NO APOCALYPSE: PUNK, POLITICS & THE GREAT AMERICAN WEIRDNESS
Microcosm Publishing (2019)
Reviewed by Skyler Boudreau for Reader Views (8/19)
“No Apocalypse: Punk, Politics & the Great American Weirdness” is a collection of writing by Al Burian, featuring essays of his that have appeared in publications such as Punk Planet, HeartattaCk Zine, and Skeleton Newspaper. These essays provide the reader with an intriguing portrait of the author’s younger self as they ponder their own perspective on some curious parts of life. With its eye-catching cover design, “No Apocalypse” will raise its audience’s eyebrows from the moment it is picked up and with every following turn of a page.
Though these writings are from years ago, Burian makes an interesting point of their relevance today when, in the introduction to this collection, he says, “The Oncoming Cataclysmic End is a deep and integral part of the American psyche” (Burian 7). He goes on to explain that “Craziness of the present moment did not spring out of nowhere. Standing on the brink of destruction is not unusual; it is the perpetual state of things” (13). Even a reader with opinions that contrast from Burian’s own will recognize a certain similarity in what he describes within people today. “No Apocalypse” is infected with a world-weariness that is somehow both exaggerated and relatable.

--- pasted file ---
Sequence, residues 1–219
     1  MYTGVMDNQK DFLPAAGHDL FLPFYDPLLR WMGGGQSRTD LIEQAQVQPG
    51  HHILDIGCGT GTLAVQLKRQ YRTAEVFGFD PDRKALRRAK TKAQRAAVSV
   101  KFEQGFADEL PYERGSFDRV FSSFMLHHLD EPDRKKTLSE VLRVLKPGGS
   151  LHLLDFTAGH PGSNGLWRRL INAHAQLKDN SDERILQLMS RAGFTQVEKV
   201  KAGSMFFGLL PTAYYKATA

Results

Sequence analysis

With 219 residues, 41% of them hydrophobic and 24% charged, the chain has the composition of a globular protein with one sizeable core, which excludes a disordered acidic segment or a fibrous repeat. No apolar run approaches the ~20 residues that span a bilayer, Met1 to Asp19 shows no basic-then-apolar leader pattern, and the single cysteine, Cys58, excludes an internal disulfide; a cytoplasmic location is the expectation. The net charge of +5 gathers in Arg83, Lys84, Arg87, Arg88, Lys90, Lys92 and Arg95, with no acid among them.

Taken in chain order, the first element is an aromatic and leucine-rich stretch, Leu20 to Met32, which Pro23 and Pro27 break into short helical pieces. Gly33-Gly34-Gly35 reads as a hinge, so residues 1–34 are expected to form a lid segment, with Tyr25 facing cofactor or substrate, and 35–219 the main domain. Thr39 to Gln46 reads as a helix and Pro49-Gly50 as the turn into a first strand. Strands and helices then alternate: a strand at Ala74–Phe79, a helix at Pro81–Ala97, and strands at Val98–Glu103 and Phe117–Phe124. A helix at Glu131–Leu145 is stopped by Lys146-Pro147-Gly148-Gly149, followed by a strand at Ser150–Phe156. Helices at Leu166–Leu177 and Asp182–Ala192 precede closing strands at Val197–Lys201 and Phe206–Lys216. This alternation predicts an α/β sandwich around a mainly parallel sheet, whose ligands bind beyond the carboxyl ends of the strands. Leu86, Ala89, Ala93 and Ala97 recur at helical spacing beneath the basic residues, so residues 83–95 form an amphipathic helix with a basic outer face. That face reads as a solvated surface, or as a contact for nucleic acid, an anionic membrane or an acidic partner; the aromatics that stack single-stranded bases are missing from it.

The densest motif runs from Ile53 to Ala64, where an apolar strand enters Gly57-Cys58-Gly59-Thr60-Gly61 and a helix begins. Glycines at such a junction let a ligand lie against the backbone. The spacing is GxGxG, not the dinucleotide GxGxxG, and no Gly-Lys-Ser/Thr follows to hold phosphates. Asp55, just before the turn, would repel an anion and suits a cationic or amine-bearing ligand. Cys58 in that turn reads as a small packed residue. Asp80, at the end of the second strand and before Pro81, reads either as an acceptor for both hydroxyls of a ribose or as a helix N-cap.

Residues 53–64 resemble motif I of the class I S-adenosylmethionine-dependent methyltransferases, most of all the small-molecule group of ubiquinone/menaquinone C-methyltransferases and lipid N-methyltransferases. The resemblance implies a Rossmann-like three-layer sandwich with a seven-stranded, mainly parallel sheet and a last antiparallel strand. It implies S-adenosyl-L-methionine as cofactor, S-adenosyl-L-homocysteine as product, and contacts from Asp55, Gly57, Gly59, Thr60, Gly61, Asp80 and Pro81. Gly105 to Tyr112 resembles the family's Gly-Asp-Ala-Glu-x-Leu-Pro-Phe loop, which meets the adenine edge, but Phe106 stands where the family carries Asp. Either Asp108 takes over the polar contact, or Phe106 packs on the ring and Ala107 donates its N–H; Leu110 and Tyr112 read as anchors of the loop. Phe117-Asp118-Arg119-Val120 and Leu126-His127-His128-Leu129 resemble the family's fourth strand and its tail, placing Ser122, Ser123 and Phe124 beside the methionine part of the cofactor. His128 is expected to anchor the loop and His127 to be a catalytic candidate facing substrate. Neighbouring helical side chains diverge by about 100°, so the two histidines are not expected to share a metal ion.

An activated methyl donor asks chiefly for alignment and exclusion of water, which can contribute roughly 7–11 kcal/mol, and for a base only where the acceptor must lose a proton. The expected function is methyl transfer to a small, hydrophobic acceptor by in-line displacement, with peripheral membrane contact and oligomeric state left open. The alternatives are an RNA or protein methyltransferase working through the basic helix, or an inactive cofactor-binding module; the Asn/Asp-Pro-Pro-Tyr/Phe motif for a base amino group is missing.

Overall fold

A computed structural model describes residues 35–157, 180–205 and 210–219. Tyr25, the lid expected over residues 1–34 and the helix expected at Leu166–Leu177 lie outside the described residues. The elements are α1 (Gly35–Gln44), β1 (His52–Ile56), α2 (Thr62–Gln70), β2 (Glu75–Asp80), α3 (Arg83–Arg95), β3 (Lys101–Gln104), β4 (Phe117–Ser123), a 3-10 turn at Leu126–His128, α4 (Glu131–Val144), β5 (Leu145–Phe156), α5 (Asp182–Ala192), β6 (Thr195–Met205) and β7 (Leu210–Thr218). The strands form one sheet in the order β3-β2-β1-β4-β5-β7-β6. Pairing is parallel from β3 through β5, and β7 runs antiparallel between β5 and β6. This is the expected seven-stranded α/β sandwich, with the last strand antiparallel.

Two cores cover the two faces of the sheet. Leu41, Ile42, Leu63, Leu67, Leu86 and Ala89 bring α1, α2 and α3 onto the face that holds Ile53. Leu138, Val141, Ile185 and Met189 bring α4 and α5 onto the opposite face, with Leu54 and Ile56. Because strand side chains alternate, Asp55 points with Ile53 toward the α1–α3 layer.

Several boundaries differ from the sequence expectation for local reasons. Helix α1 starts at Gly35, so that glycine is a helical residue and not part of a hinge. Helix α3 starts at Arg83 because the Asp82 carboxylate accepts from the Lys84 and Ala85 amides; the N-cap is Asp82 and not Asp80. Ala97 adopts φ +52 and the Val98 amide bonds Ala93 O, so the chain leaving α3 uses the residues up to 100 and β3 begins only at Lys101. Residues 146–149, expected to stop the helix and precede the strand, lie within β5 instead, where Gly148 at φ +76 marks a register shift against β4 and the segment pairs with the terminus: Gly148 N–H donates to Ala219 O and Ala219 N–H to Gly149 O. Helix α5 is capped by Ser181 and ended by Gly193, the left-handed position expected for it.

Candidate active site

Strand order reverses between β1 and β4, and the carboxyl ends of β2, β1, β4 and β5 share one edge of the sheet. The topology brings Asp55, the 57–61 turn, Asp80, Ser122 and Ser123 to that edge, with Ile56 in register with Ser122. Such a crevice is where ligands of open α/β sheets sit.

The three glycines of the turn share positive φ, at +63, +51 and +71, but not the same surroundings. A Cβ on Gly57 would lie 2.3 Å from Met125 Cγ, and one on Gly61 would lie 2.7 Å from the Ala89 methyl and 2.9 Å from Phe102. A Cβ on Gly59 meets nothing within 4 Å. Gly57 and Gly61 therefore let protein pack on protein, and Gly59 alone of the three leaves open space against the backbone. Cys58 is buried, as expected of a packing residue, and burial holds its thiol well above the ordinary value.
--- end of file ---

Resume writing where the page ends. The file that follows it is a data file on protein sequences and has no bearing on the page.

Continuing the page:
While the writing style in some essays comes off as dramatic for the sake of being dramatic, Burian never fails in getting a point across by the end of each piece. It’s an interesting dynamic that keeps the audience engaged. If they do not care for the writing style itself, they can still enjoy contemplating the thoughts conveyed within the essays.
The final piece, “Eternal Return,” is one that stands out among the others. It’s shorter than many of its predecessors and makes a great ending for an unusual book. In these last pages, Burian describes two separate hitchhiking experiences that he has had. The first is described in the moment of the essay, and the second is a past experience, recalled by Burian as he is dealing with the former. This essay returns to the parallels described in the beginning of “No Apocalypse,” and brings everything full circle, providing a satisfying ending for the audience.